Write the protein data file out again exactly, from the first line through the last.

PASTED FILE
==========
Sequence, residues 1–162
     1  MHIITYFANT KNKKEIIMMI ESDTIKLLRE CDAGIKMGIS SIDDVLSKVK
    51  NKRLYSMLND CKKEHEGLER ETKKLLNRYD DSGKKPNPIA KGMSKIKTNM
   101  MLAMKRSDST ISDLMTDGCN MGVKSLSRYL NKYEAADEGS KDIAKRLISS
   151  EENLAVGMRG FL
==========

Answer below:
Sequence, residues 1–162
     1  MHIITYFANT KNKKEIIMMI ESDTIKLLRE CDAGIKMGIS SIDDVLSKVK
    51  NKRLYSMLND CKKEHEGLER ETKKLLNRYD DSGKKPNPIA KGMSKIKTNM
   101  MLAMKRSDST ISDLMTDGCN MGVKSLSRYL NKYEAADEGS KDIAKRLISS
   151  EENLAVGMRG FL